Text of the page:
Although the ML is highly suited to the SLS vehicle, modifications – mainly to the Ares-specific elements of the structure, such as the launch mount – will be required, ahead of the Heavy Lift Launch Vehicle’s debut in 2017.
The launch mount will be the first major element of the ML to be redesigned, with “demolition” work set to be begin next month.
The start date will be dependent on the status of the government shutdown, which resulted in KSC contractors being locked out of the center on Tuesday.
“Modifications to the Ares 1 Mobile Launcher for SLS / NASA Contracting Office: The mobile launcher (ML) is undergoing a major upgrade in support of the Ground Systems Development and Operations Program. Construction activities at the ML east park site require the area to be designated a construction zone,” noted L2’s KSC status information.
“Modifications to the Mobile launcher will occur at the East Park Site and the surrounding area is a designated construction site and lay down yard for materials and equipment.”
Such modification planning has been taking place in addition to the umbilical set up required for SLS – a completely different set up to that planned for Ares I.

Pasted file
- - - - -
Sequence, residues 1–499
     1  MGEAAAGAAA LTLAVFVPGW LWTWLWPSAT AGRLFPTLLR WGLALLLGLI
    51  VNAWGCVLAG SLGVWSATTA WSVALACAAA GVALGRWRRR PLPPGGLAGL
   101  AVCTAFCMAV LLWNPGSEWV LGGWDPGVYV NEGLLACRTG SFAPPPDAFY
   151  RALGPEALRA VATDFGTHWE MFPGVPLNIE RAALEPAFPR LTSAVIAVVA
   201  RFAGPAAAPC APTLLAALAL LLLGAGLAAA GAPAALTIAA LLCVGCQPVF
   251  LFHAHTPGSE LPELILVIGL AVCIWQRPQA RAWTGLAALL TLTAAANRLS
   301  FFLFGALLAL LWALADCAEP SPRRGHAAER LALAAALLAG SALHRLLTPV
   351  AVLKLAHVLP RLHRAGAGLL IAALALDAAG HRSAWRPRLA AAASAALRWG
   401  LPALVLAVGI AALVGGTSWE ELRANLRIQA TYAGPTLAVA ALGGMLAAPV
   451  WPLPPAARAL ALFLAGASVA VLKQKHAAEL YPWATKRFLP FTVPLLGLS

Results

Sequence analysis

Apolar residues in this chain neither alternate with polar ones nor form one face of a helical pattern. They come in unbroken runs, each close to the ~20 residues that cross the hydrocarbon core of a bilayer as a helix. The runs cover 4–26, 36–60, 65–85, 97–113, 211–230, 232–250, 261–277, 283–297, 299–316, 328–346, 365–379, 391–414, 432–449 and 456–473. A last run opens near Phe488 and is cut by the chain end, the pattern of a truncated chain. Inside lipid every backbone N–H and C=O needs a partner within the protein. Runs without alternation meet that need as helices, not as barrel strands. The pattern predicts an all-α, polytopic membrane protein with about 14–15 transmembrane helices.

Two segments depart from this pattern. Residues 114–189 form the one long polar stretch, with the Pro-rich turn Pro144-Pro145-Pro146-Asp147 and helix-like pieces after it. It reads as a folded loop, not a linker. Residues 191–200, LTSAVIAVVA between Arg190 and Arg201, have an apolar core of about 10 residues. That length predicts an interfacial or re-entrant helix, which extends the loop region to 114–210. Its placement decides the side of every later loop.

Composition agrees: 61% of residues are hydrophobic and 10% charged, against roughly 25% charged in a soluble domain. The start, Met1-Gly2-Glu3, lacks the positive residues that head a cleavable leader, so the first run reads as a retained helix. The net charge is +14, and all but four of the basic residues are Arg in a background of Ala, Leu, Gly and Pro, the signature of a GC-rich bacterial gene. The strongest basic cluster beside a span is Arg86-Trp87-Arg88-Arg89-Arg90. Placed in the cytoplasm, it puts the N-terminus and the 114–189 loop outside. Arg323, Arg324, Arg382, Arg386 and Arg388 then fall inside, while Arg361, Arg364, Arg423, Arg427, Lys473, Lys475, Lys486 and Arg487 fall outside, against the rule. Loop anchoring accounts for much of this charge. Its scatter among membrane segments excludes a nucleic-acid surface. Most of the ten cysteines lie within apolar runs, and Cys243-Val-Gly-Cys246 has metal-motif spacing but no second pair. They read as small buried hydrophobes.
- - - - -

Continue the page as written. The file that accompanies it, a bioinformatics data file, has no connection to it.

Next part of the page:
An array of connections will be installed during the modification work, from the bottom up, including two Tail Service Mast Umbilicals (TSMUs) – one for the Liquid Oxygen and one for the Liquid Hydrogen fuels to be used by SLS.
New CAD images (acquired by L2) show the large structures – that will be key to fuelling the Heavy Lift Launch Vehicle (HLV) – will be placed near the aft of the vehicle, located on the same side of the vehicle, on the south side of the ML, opposite the umbilical tower.
Initial baseline configuration models indicate that the TSMUs will be placed +/- 12.7 degrees from Center Line (CL) with respect to the north/south CL of the vehicle – with the LO2 umbilical in the south west location and the LH2 umbilical in the south east location.
Also to be located on the ML’s Zero Deck will be two Aft Skirt Umbilical (ASU) units, both of which will provide electrical, GN2 purge, and data connections to the boosters during processing and countdown operations.
The twin Solid Rocket Boosters (SRBs) will be held down on the structure via Vehicle Support Posts (VSPs), providing a weight-of-vehicle-only support pedestal for the SRBs – with a Ground Support Equipment bolt inserted through the VSPs and SRB for rollout operations stability only.
No specific date has been provided as to when the modifications will be complete, although it is understood this element of the SLS Program will be ready in time to support the opening SLS launch in 2017.
(Images: Via NASA and L2 content from L2′s SLS specific L2 section, which includes, presentations, videos, graphics and internal – interactive with actual SLS engineers – updates on the SLS and HLV, available on no other site.)
(L2 is – as it has been for the past several years – providing full exclusive SLS and Exploration Planning coverage. To join L2, click here: http://www.nasaspaceflight.com/l2/)